Anytime there is a relationship, there is also trust.
Quite often, trust then becomes a way to evaluate the relationship. It’s a misunderstanding of what trust is there for.
No relationship whatsoever deserves blind trust. Such a relationship would be based on dependency. It would use an assumption that other does everything right or that one doesn’t want to have a say whenever they change their mind.
The other extreme is micro-management and controlling everything. That is a relationship that lacks trust and the ability to delegate.
In the case of blind trust, there is no data available allowing to see what is happening. When over-controlling on the other hand all the details are made available, there is no aggregation of data.
That is where the process of accountability and controlling step in.
Accountability is a process through which two parties may decide on a common goal. To do so they’ll share a goal. The goal will be described in a detailed fashion allowing both partners to gain a view of how the result will look like. To allow for as much clarity as possible they’ll work out details like who, what, when, what for, and why. The clarification will ease a common understanding of the task. It will give an idea of what is to be expected. And it contributes to establishing the commitment to do the work.
Controlling on the other hand is a process that serves the achievement of the task from a different angle. It is based on collecting data that is related to the existing objectives. The data collected will serve the purpose to compare the view of the planned evolution with the existing evolution. At the same time, it provides the data with which the next evolution may be planned. Where knowing the difference between what had been planned and what happened allows learning how efficient planning has been.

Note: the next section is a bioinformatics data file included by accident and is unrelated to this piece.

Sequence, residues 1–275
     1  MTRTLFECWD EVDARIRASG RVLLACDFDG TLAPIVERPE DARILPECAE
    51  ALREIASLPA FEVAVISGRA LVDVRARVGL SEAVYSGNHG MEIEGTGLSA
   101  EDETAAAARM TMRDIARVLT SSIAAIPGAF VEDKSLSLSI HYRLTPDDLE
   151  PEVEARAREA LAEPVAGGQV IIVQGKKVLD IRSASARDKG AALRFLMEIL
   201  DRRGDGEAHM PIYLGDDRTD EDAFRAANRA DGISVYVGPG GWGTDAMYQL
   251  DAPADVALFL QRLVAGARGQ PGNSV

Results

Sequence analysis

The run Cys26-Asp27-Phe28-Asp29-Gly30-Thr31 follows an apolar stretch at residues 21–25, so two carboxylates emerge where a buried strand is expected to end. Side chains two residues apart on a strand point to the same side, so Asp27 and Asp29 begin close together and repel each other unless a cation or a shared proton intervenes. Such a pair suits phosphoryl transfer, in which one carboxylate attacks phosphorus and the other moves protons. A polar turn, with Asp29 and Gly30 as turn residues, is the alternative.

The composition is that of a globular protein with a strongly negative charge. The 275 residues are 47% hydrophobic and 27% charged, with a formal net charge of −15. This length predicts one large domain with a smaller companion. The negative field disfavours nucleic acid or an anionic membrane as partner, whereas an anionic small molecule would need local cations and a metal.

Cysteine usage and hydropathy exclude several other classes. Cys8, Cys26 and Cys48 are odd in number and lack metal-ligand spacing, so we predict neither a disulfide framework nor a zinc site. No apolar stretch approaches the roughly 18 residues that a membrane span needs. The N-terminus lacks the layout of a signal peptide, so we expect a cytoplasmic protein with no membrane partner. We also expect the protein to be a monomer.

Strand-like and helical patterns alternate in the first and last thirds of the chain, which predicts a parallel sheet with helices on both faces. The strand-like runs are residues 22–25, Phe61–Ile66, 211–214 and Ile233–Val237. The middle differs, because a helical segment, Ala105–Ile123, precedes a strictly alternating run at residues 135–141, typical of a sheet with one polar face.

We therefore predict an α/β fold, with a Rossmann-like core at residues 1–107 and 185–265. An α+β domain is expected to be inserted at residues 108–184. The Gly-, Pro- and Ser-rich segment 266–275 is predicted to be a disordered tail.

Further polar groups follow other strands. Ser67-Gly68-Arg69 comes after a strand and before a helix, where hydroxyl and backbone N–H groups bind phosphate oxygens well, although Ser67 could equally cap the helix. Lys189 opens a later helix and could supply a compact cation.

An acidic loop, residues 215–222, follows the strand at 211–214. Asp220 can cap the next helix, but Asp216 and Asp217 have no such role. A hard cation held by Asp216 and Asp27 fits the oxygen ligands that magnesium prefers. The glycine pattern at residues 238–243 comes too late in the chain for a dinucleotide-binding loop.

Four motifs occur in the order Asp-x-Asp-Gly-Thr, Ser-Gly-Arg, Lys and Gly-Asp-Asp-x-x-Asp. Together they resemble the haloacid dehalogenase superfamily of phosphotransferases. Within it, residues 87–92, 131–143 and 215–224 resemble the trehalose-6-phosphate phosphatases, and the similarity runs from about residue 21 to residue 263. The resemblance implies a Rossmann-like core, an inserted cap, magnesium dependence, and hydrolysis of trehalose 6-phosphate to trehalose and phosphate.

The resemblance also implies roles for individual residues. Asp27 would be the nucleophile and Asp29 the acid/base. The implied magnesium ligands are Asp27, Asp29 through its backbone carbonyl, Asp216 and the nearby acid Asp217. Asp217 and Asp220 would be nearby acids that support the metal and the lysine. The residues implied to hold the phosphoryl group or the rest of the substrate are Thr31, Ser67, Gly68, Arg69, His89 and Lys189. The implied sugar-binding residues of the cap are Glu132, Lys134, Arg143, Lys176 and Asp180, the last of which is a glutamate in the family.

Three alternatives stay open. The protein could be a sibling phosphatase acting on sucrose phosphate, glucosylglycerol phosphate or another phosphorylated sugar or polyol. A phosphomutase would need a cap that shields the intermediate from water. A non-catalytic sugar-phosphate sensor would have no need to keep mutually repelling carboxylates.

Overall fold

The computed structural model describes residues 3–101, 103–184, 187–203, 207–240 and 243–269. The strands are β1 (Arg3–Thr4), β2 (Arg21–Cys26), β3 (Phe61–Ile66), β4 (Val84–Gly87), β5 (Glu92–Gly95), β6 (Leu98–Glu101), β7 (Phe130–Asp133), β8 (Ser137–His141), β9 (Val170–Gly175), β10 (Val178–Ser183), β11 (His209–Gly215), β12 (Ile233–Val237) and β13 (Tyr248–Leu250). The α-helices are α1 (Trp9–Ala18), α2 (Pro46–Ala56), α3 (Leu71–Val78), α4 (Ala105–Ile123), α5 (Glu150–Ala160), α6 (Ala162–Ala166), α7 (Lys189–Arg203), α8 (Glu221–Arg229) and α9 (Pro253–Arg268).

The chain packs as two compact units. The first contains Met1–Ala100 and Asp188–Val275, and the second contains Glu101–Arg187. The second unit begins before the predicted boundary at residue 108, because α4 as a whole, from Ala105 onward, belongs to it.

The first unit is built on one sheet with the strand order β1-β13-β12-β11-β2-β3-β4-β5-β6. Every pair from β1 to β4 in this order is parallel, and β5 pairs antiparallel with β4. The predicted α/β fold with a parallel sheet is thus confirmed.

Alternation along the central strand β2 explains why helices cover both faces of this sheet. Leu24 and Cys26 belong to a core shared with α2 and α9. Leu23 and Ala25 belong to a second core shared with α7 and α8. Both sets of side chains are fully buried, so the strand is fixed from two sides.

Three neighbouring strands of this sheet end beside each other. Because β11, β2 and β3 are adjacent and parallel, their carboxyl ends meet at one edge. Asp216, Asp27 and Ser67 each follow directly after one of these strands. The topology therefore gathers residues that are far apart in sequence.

That’s how it works when there is a willingness to assume that everyone contributed with their best effort to the result.
Things fall apart when the collected data is used to micro-manage accountability. And things also fall apart, when accountability is based on broad statements missing a common understanding of what is to be achieved.
Accountability and control are foundations of trust. They allow to develop and nurture trust. And they create the safety net that allows for tolerance whenever things don’t happen as expected.
It will not work if trust is expected or denied. It requires that all those involved are willing to build trust and understand that it is a continuous effort.
PS. If you want to learn more about how effective leaders hold others accountable and improve motivation, you may want to participate in the webinar my friend Andy is proposing on April 22nd.